Wednesday, May 22, 2013

SBAC Pilot Test for Math

I had the privilege of piloting the SBAC Pilot Test for Math yesterday.  We have a new four-letter word that should be grouped with words we shouldn't say.  Since I had to help most students on almost every problem, I got an in-depth look at the SBAC testing.

So here's the good, the bad and the ugly.

The good...

The bad...Students treated it like most computer programs, they click and click and filled in answers quickly to move to the next question.  It was like watching them on the Khan Academy, but not getting feedback on whether they were right or wrong, and no gold stars.

The ugly...The first student revolt began 11 minutes and 45 seconds into the test when they couldn't figure out the line graphing tool.  The second revolution came when students had to use an awful equation editor to write a quadratic equation.  The third and final revolution came when we couldn't decide which correct answer to chose since there were two correct answers.  This was just a few example of the many "technology" issues.

The really ugly...The test itself was harder than any college entrance math exam or teacher certification test.  It was poorly written and focused on the same couple of things over and over and over again.  It was the high school test, yet there was no trigonometry, logarithmic functions, complex numbers, nor any of the Common Core "Algebra 2" questions.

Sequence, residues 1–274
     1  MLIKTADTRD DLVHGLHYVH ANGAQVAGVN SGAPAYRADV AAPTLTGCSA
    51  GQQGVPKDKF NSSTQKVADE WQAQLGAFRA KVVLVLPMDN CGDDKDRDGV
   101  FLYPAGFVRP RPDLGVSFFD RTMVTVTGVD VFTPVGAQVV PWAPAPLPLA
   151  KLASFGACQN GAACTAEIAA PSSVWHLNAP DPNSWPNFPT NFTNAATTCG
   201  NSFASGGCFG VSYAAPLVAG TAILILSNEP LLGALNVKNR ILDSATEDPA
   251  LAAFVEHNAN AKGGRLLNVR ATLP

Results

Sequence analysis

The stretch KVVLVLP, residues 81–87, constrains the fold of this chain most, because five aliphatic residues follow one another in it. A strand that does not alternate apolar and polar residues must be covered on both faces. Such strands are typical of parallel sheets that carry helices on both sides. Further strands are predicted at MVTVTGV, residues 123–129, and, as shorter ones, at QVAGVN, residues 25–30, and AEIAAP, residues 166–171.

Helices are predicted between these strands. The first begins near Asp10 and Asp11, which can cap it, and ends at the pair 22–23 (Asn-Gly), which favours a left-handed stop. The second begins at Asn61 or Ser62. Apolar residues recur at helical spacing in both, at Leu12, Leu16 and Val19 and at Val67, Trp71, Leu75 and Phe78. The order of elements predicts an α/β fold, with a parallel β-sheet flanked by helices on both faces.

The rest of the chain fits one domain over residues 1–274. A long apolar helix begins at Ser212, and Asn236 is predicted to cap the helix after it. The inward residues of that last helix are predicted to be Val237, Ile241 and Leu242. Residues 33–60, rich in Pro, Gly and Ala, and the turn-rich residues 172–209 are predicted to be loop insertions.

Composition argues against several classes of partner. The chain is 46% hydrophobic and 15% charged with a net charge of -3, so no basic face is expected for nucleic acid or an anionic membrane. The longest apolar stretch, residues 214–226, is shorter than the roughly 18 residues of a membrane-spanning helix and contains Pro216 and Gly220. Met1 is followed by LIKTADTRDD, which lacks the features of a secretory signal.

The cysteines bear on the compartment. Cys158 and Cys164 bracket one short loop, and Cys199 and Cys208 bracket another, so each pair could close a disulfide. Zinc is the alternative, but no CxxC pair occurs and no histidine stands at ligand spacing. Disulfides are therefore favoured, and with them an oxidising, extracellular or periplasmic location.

Overall, it sucked.  My students hated it.  The look on their faces told me that we are in trouble once 50% of our evaluations depend on it.

More to come.


  1. Sounds "awesome". At times like these I hope we separate the Common Core -standards- from the Common Core -exams-. It's hard to separate them sometimes in rhetoric, but in this case it sounds as though this exam did not properly test the Common Core standards.

    I'd definitely be interested in more details on the nature of the tech issues or the nature of the topics that were repeatedly tested.

    1. But PIP, you test what you value. The standards are irrelevant. Only the tests matter. And I can take any set of standards - good, bad, or indifferent - and construct assessments to get a predetermined, desired result. Can't you?

      You may be starting to wake up to what's going on, or at least to the first truly meaningful phase of it. There's still time to resist, to fight back, to say, "No!"